The Iron Sphere
In this installment of Dip It, Peter revisited magnetizing iron filings and permanently suspending them in resin, but this time he turned it into a sphere!
Not satisfied with the run of the mill neodymium magnet, Peter looked North and South across vast fields to finally find a suitable attractive body for this project. He settled on one that was a mere 135 lbs!
Of magnetic lifting force that is! In the past, Peter has had dealings with magnets of this strength and wanted to pass along a warning that they are not for the faint hearted and could cause bodily injury around a primarily metal shop as it is ripped from your mortal hands.
Magneto would certainly approve.
Placing the magnet beneath a cup while sprinkling the iron particles inside resulted in a nice bloom effect.
Figuring out how to pour resin into the cup without disrupting the suspended filings required some impromptu tactical fluid dynamics.
It turned out that carefully planning one’s workflow in regards to using powerful magnets in the shop was tricky. Peter devised a wooden structure to hopefully keep the magnet away from the walls of the pressure pot while lowering the project down into the vessel.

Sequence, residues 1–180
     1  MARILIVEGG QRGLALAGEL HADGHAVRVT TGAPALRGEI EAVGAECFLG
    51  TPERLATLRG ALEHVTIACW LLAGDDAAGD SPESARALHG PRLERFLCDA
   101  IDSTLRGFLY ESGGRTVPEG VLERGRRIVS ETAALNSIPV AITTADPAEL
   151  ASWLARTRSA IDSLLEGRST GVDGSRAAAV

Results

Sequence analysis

After some time in the pressure pot, it came out bubble free!
Now came time to pop the mass of resin and iron into the lathe to work it into shape.
Using various Easy Wood Tools tools he tooled away tactically till came time to test templates.
Using just a piece of cardboard with the desired shape as reference, Peter gradually saw the orb take form.
Drawing reference lines on the sphere also helped to maintain symmetrical uniformity.
The aftermath of such an intense turning session looked reminiscent of a scene from Ferrous Bueller’s Day Off!
Clutched within the grasp of a special chucking system designed specifically for spheres, the orb is ready for final shaping, sanding and polishing. Due to the opposing hardnesses of the iron and the resin, typical hand tools reached the point where they were no longer effective and actually can make things worse. To combat this issue, Peter resorted to just sandpapers to give the ball it’s shape as they can provide a more even pressure.
No resin turning project would be complete without a round of MicroMesh pads to get it to that shine!
What a fantastic result to such a potentially polarizing process! Even Wooly Willy himself would likely want one!
Currently hailing from a basement shop somewhere in North Carolina, Wes, a.k.a. Geeksmithing, creates geek and nostalgia inspired projects of all kinds using any new material or technique he can get his hands on including anything from 3d printing, cnc, laser cutting, prop making, robotics, electronics to even a bit of woodworking.